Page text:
Costa Rica and Disability Rights Law a comparative look to International and US Law. Erica Dean Chaim Eliyah Ursula Jennings Jill Salo LSJ/CHID 434. Introduction:.
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Costa Rica and Disability Rights Lawa comparative look to International and US Law
In the past forty years, an increased awareness about people with disabilities and their rights has led to the creation of numerous pieces of legislation regarding the status of disabled people and their relationships to their environment.
Beginning in 1973 with the Rehabilitation Act in the United States and continuing today at the United Nations with the Convention on the Rights of Persons with Disabilities, countries now look to each other when drafting legislation.
With a national “Equal Opportunities Law for Persons with Disabilities”, also known as Ley (Law) 7600, and as a signatory to the UN Convention mentioned above, Costa Rica is one of these such countries working to improve the rights of people with disabilities in all facets of life.
Costa Rica is located in Central America, bordering Panama and Nicaragua.
■ Population of 4.1 million
■ About the size of West Virginia
■ Has an advanced hospital system when compared with other Central American countries.
■ Terrain: Coastal plains separated by rugged mountains including over 100 volcanic cones, of which several are major volcanoes ■ Life expectancy at birth for the total population is 77.21 years
■ Literacy rate of 96%
■ Approx. 10% of the population is identified as having a disability. 6.09% of men and 5.76% of women.
Section 1: Covers broad definitions, defines disability as “Any physical, mental, or sensory impairment which substantially limits one or more of an individual's major activities” (Dredf.org)
Section 2: Outlines fundamental principles for accommodation; includes broad statement defining state’s responsibility for providing services and programs for people with disabilities.
Section 4: Details sanctions that come with violations (fines for discriminatory practices and/or derogatory remarks) and enforcement practices
Clarifies housekeeping issues such as the process for legal complaints; outlines budget allocations, etc.
Examples of main roadways. Notice that while some streets have sidewalks, others don’t have much room for any pedestrians at all.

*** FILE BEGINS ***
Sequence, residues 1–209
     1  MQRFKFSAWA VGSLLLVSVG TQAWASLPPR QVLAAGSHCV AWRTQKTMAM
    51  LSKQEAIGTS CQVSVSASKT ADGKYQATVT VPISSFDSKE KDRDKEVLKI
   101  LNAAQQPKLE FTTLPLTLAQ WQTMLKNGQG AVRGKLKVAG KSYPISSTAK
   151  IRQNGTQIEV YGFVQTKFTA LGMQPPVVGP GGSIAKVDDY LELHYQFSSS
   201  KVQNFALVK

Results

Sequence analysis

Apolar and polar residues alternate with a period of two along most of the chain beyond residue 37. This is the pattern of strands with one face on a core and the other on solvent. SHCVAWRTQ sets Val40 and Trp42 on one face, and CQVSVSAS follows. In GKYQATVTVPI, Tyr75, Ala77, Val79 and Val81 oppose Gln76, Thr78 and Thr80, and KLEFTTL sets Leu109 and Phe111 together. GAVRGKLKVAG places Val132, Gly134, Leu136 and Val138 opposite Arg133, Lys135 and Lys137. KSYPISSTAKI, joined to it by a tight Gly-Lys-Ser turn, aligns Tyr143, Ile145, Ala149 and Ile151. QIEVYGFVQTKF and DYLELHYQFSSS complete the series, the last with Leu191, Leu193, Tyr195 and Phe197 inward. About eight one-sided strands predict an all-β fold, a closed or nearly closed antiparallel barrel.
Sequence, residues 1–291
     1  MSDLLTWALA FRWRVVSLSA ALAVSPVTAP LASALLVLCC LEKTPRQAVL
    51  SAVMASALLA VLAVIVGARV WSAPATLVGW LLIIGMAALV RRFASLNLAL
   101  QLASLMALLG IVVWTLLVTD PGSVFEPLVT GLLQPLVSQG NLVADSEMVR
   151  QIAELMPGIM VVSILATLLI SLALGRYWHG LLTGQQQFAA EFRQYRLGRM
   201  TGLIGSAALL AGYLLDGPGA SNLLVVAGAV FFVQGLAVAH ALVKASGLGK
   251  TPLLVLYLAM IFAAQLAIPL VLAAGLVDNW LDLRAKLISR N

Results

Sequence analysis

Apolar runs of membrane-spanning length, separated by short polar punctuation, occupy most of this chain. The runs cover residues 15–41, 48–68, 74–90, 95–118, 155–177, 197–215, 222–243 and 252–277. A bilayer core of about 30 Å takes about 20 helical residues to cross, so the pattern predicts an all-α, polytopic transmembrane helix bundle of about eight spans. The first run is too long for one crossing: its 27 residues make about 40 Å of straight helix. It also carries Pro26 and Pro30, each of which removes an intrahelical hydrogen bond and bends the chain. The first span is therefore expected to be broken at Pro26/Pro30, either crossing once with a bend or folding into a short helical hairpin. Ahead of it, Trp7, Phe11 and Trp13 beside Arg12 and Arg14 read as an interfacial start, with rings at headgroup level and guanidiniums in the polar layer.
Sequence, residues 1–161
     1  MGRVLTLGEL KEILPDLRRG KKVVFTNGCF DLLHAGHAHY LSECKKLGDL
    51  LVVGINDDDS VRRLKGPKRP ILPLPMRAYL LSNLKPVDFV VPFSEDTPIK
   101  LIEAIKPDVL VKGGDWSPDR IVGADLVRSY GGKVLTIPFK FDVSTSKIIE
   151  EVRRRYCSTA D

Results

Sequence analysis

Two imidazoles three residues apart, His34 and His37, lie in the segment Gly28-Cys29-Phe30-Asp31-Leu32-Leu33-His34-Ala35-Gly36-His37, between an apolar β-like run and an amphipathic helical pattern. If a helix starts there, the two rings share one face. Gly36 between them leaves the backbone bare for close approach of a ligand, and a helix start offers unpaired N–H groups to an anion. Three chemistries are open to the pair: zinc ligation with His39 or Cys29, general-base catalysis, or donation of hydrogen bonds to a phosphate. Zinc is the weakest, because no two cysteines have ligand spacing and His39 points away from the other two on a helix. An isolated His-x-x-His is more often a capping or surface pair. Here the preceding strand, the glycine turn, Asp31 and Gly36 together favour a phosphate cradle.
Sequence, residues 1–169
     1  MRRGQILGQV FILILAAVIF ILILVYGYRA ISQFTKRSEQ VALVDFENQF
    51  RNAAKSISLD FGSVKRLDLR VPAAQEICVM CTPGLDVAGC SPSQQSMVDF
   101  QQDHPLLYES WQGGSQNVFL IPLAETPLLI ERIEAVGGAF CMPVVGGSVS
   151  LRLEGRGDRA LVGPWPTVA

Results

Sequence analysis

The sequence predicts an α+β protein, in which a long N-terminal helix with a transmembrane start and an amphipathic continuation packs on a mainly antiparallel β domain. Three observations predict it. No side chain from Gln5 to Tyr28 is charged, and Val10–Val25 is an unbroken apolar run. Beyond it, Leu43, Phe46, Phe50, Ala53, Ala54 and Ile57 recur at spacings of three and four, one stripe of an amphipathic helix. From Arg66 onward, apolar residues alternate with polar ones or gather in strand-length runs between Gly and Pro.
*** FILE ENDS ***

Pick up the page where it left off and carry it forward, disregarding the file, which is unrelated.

Sidewalk at a popular Tico park.
Both statutes recognize…
An example of a Costa Rican wheelchair.
Main goal of 504: to prohibit organizations that receive federal funding from discriminating based on disability
Law 7600 does not outline a similarly explicit obligation
Art. 8: Program/service that receives government funding must comply with “the dispositions of this law”
Art. 18: Students with disabilities must comply to same educational standards and “respond to the same norms and aspirations that guide the national education system” (Dredf.org)
Requires state to ensure everyone access to education regardless of disability - Ministry of Education must come up with necessary “support, assistance, resources and training” to make this happen
Art. 5 focuses on transportation – mandates public transit must be accessible to everyone
“By means of an internal policy avoiding discrimination because of disability, educators, employers, and institutional authorities must sustain conditions of personal respect at work and in study environments” (Dredf.org)
Another example of road construction in Costa Rica, exacerbated by the torrential rains.
Costa Rica’s Law 7600 covers many more aspects of the social sphere. There is a deep commitment to “enable persons with disabilities to achieve their maximum development, full participation in society” by ensuring “equal opportunities for the Costa Rican population in areas that include: health, education, work, family life, recreation, sports, culture and other dimensions”.
CHAPTER VII: ACCESS TO CULTURE, SPORTS AND RECREATION
CHAPTER VI: ACCESS TO INFORMATION AND COMMUNICATION
CHAPTER III ACCESS TO HEALTH SERVICES
CHAPTER II: FUNDAMENTAL PRINCIPLES
This pool is not accessible. The only way to get in and out is to use the ladder.